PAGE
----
By completing this assignment, you will:
• develop a thesis for an argumentative essay
• use claims and evidence to support an argument
• practice entering into a critical conversation
• practice framing ideas and quotations in academic writing
• establish a sense of credibility in academic writing
• use common formats and conventions (e.g., structure, tone, mechanics, citation) for an academic argument
Your job in this assignment is to enter into the critical conversation about the effects of the internet on learning, knowledge, memory, concentration, and thinking. To do so, write an argumentative essay, between about 1,000 and 1,500 words, that answers the question posed by Nicholas Carr: Is Google making us stupid? Your essay should make your own position clear, and drawing on your own experiences, your analysis of Carr's argument, our class discussions, and your research into outside sources in order to make an argument that answers Carr's question.
One of your goals in this assignment should be to establish a sense of ethos, or character and credibility. Do so by indicating that you share your audience's values, by showing your own experiences with the internet, and by demonstrating that you have done your homework about the subject matter by looking into what others have said about Carr's claims.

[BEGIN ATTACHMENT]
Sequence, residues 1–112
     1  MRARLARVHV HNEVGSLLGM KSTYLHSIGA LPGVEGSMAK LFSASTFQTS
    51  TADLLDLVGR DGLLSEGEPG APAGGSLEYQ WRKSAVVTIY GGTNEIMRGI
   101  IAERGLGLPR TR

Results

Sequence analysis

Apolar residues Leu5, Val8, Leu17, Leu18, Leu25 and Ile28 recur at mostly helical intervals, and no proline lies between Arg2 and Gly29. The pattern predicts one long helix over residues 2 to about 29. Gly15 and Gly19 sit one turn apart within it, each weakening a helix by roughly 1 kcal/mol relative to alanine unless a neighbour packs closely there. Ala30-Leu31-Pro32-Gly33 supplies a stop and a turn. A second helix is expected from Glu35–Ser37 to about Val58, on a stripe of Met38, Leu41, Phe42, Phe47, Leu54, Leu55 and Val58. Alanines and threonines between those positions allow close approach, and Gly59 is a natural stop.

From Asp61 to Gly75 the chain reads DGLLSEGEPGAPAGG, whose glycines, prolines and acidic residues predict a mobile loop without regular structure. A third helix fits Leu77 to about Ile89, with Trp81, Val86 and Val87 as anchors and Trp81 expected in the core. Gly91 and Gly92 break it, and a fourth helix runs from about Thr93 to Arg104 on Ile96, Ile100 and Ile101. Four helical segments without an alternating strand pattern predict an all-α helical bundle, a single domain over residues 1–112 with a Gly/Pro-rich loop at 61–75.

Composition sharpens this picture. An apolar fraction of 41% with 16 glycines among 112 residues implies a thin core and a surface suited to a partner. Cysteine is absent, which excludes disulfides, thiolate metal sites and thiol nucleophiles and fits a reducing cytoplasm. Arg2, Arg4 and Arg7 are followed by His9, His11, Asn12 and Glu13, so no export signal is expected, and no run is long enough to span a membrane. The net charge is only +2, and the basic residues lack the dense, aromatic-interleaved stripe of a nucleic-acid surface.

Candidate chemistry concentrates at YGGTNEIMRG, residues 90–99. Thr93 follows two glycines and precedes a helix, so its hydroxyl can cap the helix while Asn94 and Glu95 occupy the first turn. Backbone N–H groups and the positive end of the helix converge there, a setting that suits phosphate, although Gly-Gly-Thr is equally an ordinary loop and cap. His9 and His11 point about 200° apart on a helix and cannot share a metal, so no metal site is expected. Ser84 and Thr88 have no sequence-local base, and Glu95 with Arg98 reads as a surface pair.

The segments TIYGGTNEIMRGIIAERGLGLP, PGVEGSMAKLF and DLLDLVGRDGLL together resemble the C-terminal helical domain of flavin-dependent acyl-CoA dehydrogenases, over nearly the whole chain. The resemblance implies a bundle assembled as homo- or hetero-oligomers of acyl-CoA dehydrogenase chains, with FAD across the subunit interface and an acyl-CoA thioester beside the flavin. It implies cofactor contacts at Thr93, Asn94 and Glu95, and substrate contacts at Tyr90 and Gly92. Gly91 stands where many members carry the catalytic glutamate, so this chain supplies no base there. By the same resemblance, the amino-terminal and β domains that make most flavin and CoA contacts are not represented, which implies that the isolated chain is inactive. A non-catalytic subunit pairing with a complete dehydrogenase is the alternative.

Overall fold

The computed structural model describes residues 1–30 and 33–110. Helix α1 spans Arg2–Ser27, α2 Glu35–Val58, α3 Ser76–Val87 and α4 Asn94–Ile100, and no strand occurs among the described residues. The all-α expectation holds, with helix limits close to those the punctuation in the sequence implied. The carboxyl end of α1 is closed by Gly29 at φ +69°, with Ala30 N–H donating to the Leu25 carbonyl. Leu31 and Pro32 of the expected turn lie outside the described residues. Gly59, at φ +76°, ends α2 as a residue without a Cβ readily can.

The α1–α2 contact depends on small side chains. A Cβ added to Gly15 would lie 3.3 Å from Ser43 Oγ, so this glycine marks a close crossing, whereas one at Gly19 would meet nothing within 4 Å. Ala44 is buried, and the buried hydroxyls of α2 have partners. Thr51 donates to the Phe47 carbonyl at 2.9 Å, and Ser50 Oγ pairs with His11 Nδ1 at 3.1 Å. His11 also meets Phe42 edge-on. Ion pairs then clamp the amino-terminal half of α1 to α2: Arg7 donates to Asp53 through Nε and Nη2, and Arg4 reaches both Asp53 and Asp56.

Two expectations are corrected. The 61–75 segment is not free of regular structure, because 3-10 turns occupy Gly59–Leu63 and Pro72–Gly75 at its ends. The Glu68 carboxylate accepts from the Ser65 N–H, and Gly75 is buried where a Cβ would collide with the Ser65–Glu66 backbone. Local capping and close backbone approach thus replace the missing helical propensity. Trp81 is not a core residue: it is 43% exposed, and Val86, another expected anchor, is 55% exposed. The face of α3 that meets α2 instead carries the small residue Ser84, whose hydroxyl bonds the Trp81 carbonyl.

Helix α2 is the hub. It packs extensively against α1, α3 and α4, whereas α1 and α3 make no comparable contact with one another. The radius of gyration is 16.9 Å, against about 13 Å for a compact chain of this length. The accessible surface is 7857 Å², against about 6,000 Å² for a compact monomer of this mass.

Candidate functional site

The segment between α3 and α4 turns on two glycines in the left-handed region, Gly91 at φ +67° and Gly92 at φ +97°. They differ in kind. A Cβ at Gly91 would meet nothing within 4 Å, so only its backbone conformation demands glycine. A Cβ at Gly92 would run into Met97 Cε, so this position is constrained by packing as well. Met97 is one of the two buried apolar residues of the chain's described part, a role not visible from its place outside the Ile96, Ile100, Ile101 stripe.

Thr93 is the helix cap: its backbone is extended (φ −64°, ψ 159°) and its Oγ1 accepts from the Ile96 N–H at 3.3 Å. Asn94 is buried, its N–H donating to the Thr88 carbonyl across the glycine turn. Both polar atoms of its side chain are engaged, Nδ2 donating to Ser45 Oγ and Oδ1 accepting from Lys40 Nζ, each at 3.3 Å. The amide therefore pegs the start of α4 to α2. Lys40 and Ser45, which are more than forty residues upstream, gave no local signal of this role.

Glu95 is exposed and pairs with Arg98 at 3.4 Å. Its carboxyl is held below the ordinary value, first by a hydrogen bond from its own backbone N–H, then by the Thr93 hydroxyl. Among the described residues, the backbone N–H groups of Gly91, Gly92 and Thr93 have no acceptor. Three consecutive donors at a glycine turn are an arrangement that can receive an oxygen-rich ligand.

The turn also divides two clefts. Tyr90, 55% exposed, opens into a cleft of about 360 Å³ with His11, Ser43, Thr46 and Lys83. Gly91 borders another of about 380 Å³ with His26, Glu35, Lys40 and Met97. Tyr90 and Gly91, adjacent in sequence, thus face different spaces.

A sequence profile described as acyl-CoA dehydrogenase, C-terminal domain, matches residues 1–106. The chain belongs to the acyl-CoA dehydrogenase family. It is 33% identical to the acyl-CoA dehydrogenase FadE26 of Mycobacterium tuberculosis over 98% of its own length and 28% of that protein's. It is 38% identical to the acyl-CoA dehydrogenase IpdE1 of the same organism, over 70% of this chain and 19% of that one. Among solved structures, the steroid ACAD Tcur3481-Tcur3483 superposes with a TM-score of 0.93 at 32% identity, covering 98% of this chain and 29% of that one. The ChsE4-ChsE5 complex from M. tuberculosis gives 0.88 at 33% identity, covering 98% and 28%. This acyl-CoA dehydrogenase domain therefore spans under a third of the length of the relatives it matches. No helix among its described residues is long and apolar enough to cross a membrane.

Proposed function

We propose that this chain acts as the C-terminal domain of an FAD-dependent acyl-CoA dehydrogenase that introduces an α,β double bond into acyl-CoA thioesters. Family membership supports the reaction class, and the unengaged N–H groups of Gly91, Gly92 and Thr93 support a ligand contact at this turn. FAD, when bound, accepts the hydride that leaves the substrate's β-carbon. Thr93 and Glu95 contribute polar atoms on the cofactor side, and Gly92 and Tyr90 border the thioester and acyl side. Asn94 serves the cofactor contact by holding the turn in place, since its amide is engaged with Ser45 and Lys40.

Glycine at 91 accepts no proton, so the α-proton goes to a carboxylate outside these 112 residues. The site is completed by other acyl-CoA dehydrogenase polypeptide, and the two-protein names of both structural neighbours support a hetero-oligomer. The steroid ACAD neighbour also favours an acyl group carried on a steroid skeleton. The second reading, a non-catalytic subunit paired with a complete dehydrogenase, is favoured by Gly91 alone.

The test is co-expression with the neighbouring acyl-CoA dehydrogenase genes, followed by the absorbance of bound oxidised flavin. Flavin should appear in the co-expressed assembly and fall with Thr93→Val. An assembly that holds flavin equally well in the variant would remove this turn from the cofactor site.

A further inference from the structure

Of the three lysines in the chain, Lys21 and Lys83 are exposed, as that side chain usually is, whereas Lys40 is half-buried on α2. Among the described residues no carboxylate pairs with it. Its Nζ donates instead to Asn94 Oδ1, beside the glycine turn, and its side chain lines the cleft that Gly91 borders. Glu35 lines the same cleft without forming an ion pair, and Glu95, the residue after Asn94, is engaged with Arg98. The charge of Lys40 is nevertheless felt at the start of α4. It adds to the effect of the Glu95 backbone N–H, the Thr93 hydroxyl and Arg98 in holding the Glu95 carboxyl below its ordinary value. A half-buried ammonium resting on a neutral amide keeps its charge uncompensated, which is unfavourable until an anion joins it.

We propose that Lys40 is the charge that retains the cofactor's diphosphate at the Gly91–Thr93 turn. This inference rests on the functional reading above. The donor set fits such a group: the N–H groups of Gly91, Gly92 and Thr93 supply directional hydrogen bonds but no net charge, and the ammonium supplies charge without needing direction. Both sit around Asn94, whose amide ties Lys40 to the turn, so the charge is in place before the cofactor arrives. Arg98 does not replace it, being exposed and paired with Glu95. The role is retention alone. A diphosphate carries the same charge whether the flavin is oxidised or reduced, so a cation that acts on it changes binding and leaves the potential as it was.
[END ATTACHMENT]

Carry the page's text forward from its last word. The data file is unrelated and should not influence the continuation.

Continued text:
Also, remember this unit's readings and mini-lectures on locating, analyzing, and framing sources. Challenge yourself to use the techniques you read about in order to make the best argument you can.
As always, you may use any of the material from your Writer's Journal or our class discussions as a starting point for this writing assignment.
Your assignment should be between 1,000 and 1,500 words (this word count does not include your Works Cited pages). More important than length is quality. Make sure to fully argue your position, using development strategies that help you support, clarify, and extend your argument.